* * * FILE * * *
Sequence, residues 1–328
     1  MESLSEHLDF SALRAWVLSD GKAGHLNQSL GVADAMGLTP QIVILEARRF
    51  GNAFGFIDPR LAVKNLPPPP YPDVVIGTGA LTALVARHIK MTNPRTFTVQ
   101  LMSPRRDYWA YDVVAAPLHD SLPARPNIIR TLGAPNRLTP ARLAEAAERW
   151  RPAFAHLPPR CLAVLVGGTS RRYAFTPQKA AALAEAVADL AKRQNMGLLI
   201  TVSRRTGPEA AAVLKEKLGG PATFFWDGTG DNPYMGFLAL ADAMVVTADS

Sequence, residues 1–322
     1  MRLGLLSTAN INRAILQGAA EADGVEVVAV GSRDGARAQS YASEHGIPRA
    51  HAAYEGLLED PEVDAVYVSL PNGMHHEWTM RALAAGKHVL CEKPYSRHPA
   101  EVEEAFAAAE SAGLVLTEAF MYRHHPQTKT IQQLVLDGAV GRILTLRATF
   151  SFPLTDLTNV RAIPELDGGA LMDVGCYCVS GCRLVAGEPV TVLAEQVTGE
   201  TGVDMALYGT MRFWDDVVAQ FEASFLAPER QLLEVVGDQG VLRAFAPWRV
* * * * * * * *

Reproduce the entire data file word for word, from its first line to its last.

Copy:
Sequence, residues 1–328
     1  MESLSEHLDF SALRAWVLSD GKAGHLNQSL GVADAMGLTP QIVILEARRF
    51  GNAFGFIDPR LAVKNLPPPP YPDVVIGTGA LTALVARHIK MTNPRTFTVQ
   101  LMSPRRDYWA YDVVAAPLHD SLPARPNIIR TLGAPNRLTP ARLAEAAERW
   151  RPAFAHLPPR CLAVLVGGTS RRYAFTPQKA AALAEAVADL AKRQNMGLLI
   201  TVSRRTGPEA AAVLKEKLGG PATFFWDGTG DNPYMGFLAL ADAMVVTADS

Sequence, residues 1–322
     1  MRLGLLSTAN INRAILQGAA EADGVEVVAV GSRDGARAQS YASEHGIPRA
    51  HAAYEGLLED PEVDAVYVSL PNGMHHEWTM RALAAGKHVL CEKPYSRHPA
   101  EVEEAFAAAE SAGLVLTEAF MYRHHPQTKT IQQLVLDGAV GRILTLRATF
   151  SFPLTDLTNV RAIPELDGGA LMDVGCYCVS GCRLVAGEPV TVLAEQVTGE
   201  TGVDMALYGT MRFWDDVVAQ FEASFLAPER QLLEVVGDQG VLRAFAPWRV